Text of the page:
Coral reefs in one part of the Pacific Ocean have likely adjusted to higher ocean temperatures which could reduce future bleaching impacts of climate change, new research reveals.
A Newcastle University-led study focused on the Pacific Island nation of Palau and has shown that historic increases in the thermal tolerance of coral reefs are possible. The results demonstrate how this capacity could reduce future bleaching impacts if global carbon emissions are cut down.
Drawing on decades of field observations, the scientists modeled many possible future coral bleaching trajectories for Palauan reefs, each with a different simulated rate of thermal tolerance enhancement. They found that if coral thermal tolerance continues to rise throughout the 21st century at the most-likely historic rate, significant reductions in bleaching impacts are possible.
Published in the journal, Nature Communications, the results affirm the scientific consensus that the severity of future coral bleaching depends on carbon emissions reductions. High-frequency bleaching can be fully mitigated at some reefs under low-to-middle emissions scenarios where, for example, the Paris Agreement commitments are fulfilled. However, such bleaching impacts are unavoidable under high emissions scenarios where society continues to rely on fossil-fueled development.
“Our study indicates the presence of an ecological resilience to climate change, yet also highlights the need to fulfil Paris Agreement commitments to effectively preserve coral reefs,” said lead author, Liam Lachs, whom is a part of Newcastle University’s Coralassist lab.
“We quantified a natural increase in coral thermal tolerance over decadal time scales which can be directly compared to the rate of ocean warming. While our work offers a glimmer of hope, it also emphasizes the need for continued action on reducing carbon emissions to mitigate climate change and secure a future for these vital ecosystems.”
Study co-author, Dr. James Guest, of Newcastle University’s School of Natural and Environmental Sciences, added, “We know that coral reefs can increase their overall thermal tolerance over time by acclimatization, genetic adaptation or shifts in community structure, however we know very little about the rates at which this is occurring. This study uses data from a remote Pacific coral reef system and estimates the rate of increase in tolerance since the late 1980s. The results provide some hope that reefs can keep up with increasing temperatures, but only if strong action is taken on climate change.”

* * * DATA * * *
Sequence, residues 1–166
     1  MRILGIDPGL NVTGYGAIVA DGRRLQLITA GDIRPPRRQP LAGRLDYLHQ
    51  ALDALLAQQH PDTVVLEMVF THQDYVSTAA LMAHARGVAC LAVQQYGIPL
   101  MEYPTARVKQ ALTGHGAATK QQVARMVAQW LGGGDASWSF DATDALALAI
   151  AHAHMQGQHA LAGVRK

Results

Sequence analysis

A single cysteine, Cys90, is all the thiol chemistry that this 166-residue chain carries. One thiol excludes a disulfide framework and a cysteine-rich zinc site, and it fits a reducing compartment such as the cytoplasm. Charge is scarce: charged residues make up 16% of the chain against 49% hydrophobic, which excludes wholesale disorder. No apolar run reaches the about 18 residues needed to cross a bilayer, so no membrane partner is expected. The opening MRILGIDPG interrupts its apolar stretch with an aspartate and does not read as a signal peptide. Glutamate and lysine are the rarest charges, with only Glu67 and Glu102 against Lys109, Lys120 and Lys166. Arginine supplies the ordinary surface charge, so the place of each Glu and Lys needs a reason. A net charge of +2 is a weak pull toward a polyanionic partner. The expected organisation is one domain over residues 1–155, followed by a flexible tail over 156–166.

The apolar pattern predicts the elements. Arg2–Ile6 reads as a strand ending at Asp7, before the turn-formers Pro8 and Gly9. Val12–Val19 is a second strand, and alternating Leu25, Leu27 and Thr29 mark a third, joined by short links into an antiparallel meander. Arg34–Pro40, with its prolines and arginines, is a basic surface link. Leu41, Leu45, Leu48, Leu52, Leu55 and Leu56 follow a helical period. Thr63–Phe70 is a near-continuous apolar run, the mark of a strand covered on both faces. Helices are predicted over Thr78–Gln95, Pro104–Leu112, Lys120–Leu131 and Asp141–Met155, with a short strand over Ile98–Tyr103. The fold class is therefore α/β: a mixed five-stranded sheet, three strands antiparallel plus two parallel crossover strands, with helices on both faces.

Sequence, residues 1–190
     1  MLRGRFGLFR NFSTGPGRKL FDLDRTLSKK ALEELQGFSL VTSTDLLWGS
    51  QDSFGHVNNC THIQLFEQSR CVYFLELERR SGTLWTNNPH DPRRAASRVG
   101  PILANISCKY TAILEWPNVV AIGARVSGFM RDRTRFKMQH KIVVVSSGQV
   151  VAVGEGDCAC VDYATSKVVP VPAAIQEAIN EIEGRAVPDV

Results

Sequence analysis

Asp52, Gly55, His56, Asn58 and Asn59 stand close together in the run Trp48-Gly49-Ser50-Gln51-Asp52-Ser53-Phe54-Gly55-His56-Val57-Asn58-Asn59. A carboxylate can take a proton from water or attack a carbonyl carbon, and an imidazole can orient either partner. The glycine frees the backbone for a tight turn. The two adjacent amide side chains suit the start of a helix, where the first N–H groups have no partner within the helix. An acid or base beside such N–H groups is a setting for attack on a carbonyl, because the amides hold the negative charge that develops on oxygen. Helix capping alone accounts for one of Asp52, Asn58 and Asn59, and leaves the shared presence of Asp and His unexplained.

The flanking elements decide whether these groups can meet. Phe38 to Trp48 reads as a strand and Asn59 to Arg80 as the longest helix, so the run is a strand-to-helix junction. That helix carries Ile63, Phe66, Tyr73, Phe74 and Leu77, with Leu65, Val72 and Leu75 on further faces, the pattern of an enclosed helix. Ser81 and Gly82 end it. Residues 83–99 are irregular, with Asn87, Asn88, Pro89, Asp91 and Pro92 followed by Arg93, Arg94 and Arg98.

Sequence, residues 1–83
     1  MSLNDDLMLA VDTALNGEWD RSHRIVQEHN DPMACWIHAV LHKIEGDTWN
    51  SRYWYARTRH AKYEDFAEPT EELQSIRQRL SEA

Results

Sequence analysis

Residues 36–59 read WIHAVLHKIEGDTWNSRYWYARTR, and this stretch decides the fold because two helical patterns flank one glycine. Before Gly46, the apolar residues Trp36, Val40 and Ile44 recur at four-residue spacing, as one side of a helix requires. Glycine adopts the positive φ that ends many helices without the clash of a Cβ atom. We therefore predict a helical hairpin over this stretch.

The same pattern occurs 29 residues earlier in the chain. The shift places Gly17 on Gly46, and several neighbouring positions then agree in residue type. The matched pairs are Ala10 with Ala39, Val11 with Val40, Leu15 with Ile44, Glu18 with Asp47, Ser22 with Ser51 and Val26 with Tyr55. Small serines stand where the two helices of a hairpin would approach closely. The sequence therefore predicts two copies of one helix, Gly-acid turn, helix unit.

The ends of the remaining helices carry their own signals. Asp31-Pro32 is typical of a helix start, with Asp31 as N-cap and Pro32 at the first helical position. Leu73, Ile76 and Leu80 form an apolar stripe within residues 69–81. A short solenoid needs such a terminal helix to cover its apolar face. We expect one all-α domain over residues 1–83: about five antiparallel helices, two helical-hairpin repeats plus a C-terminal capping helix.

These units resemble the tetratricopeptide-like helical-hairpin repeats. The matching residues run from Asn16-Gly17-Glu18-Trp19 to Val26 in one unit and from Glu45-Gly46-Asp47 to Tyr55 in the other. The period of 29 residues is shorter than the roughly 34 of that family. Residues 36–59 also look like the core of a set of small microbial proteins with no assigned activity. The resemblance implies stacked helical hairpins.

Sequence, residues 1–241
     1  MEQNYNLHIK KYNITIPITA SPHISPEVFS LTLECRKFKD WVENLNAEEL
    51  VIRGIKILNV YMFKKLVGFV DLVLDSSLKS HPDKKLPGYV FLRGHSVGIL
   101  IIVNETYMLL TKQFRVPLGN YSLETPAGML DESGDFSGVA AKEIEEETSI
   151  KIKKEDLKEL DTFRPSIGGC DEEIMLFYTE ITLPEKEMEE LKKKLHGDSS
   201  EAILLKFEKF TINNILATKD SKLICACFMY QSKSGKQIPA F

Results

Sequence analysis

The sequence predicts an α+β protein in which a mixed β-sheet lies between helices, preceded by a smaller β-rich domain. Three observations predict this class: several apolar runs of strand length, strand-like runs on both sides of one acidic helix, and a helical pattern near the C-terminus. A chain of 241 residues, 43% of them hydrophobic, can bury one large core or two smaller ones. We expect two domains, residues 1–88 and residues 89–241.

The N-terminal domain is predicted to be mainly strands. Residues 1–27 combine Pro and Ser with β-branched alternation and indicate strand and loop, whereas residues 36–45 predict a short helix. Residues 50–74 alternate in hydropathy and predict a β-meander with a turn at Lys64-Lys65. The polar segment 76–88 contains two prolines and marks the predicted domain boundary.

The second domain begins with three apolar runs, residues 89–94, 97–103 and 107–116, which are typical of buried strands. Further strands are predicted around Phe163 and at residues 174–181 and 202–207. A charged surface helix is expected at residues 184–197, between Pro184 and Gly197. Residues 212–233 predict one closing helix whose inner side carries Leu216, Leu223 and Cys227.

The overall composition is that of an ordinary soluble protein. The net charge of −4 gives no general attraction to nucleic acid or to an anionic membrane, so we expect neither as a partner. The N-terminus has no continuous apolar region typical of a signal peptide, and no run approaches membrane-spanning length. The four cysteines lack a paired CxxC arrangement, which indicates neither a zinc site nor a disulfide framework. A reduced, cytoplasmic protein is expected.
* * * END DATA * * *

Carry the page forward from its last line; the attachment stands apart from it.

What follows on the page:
This study was the result of a collaborative visit the lead author undertook in 2021 to work with Professor Simon Donner’s Climate and Coastal Ecosystems Laboratory at the University of British Columbia, Canada.
“This study shows the potential for some coral reefs to become more resilient to future climate change-fueled heat waves,” Prof. Donner said. “That resilience, however, can also come at a cost, in terms of reduced reef diversity and growth. Without sharp cuts in greenhouse gas emissions over the next two to three decades, the reefs in the Pacific won’t provide the resources and protection from waves that Pacific peoples have depended upon for centuries.”
The future of coral reefs
Coral reefs harbor remarkable levels of biodiversity, yet also face unprecedented declines due to marine heat waves and resulting mass coral bleaching and mortality events. To persist under climate change, coral communities need to endure progressively more intense and frequent marine heat waves.
The rate at which the thermal tolerance of coral reefs can increase naturally and whether this can match the pace of ocean warming has remained largely unknown. To fill this knowledge gap and offer insights into the future resilience of coral communities, the team from Newcastle University investigated historic mass bleaching events, with a focus on the case study of Palau, a remote Pacific coral reef system.
The study also tested different levels of global action to mitigate climate change and reduce carbon emissions, investigating four emissions scenarios and their impact on future coral bleaching projections.
The findings reveal that the thermal tolerance of corals in Palau has likely increased at a rate of 0.1°C per decade since the late 1980s. This increase suggests that natural mechanisms, such as genetic adaptation or acclimatization of corals or their symbiotic microalgae, could have contributed to the enhancement of coral thermal tolerance.
Study co-author Prof. Peter Mumby of the University of Queensland and Palau International Coral Reef Center reflects that “some of the upcoming challenges will be to disentangle which mechanisms have driven these potential shifts in tolerance, and to understand the possibility of continued future increases in thermal tolerance.”
Source: Slightly adapted from Newcastle University Press Release